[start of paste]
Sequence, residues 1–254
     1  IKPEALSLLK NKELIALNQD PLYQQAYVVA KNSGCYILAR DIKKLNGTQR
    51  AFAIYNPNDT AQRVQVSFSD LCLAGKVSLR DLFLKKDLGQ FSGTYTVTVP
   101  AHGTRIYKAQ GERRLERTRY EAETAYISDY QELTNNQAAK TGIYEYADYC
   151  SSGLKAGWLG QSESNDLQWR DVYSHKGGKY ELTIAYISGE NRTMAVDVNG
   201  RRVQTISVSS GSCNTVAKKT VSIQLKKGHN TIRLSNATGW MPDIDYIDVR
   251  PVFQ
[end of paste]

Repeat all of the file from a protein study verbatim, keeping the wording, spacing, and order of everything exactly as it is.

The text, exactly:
Sequence, residues 1–254
     1  IKPEALSLLK NKELIALNQD PLYQQAYVVA KNSGCYILAR DIKKLNGTQR
    51  AFAIYNPNDT AQRVQVSFSD LCLAGKVSLR DLFLKKDLGQ FSGTYTVTVP
   101  AHGTRIYKAQ GERRLERTRY EAETAYISDY QELTNNQAAK TGIYEYADYC
   151  SSGLKAGWLG QSESNDLQWR DVYSHKGGKY ELTIAYISGE NRTMAVDVNG
   201  RRVQTISVSS GSCNTVAKKT VSIQLKKGHN TIRLSNATGW MPDIDYIDVR
   251  PVFQ